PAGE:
September 2011
Volume 11, Issue 11
Vision Sciences Society Annual Meeting Abstract  |   September 2011
Fixating the Eyes is an Optimal Strategy Across Important Face (Related) Tasks
Author Affiliations
  • Matthew F. Peterson
    Department of Psychology, University of California, Santa Barbara
  • Miguel P. Eckstein
    Department of Psychology, University of California, Santa Barbara
Journal of Vision September 2011, Vol.11, 662. doi:
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      Matthew F. Peterson, Miguel P. Eckstein; Fixating the Eyes is an Optimal Strategy Across Important Face (Related) Tasks. Journal of Vision 2011;11(11):662. doi:

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      © ARVO (1962-2015); The Authors (2016-present)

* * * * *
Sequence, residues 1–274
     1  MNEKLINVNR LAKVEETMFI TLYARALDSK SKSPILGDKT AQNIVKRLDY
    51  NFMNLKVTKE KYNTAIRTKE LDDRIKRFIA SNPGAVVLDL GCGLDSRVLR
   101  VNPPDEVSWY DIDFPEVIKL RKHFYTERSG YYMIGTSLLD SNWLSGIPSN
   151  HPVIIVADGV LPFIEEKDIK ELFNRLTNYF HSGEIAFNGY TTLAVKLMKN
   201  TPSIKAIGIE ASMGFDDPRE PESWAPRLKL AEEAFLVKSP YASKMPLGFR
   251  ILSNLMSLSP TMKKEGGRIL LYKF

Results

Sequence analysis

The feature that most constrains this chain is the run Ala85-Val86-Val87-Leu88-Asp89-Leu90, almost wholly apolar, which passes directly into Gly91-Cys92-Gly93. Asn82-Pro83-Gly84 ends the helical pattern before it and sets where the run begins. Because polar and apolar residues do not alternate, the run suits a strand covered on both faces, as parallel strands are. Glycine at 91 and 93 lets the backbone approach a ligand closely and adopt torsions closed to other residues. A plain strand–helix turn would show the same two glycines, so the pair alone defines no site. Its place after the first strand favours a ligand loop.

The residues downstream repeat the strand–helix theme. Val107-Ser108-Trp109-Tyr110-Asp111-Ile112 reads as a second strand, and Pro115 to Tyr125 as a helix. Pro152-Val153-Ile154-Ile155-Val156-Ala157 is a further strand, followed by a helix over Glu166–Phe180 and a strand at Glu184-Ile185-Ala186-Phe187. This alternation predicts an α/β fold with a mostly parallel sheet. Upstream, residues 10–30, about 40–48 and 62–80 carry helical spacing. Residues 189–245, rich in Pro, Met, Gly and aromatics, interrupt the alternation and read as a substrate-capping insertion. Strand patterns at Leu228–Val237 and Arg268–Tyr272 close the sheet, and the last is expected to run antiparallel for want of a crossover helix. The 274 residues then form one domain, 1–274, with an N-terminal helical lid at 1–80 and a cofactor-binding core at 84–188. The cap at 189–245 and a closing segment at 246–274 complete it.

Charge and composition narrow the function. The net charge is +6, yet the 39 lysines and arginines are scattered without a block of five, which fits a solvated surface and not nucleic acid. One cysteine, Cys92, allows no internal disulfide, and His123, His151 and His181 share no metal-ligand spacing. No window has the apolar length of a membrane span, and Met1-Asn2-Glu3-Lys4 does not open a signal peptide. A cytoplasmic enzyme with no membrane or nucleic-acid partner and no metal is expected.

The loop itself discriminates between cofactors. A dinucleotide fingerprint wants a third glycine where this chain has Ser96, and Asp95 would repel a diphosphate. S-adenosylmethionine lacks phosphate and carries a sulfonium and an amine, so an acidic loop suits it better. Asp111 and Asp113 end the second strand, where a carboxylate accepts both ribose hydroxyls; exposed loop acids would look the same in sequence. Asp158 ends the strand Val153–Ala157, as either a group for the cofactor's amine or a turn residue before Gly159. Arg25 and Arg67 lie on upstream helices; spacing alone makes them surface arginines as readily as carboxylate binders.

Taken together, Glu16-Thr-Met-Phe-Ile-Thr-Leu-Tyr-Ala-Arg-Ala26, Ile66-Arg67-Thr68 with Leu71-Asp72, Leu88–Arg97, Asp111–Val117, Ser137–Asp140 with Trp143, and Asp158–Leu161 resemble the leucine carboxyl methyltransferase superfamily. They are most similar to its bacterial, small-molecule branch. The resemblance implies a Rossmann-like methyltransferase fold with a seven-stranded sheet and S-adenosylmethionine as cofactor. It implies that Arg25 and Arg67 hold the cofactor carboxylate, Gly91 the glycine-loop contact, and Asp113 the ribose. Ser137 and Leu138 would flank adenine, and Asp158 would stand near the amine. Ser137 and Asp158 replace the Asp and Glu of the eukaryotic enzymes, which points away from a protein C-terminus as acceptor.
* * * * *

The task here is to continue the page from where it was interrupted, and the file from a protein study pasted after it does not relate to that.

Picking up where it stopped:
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Introduction: Numerous studies have shown that humans make the vast majority of their fixations around the eye region when looking at a face (e.g., Barton et al., 2006). We have previously shown that this region contains a rich amount of information for identification (Peterson & Eckstein, 2008). However, humans accomplish many tasks with faces. Here, we investigated performance as a function of fixation location across four common face tasks and asked whether a simple eye movement strategy approximates optimality. Methods: Stimuli consisted of grayscale faces embedded in white Gaussian noise. The Identification condition contained ten neutral faces. The Gender condition contained 80 faces (40 female). The Emotion condition contained 140 faces (20 each of the 7 basic emotions; 70 female). The Happy-Neutral condition contained 100 faces (50 happy, 50 neutral). In each of 1500 trials observers fixated one of five randomly sampled points along the vertical midline of the face. A face was shown for 200 ms followed by a response screen. We derived an ideal observer fitted with a human-like foveated visual system. Model parameters were fit to human data from the Identification condition and used to simulate predicted performance for the remaining tasks. Results: Human performance showed a remarkably consistent pattern across tasks, with performance peaking for fixations around the eyes and remaining relatively unchanged towards the nose tip. Foveated ideal observer results also predicted a peak toward the eyes with a relatively unchanged performance profile toward the nose followed by a steep drop-off above the eyes and below the nose tip. Conclusion: Natural systems analysis (Geisler, 2009) reveals that the combination of the foveated nature of the human visual system and the structure of the human face leads to a simple strategy of fixating the eye region being a rational approach toward maximizing performance on many common face-related tasks.


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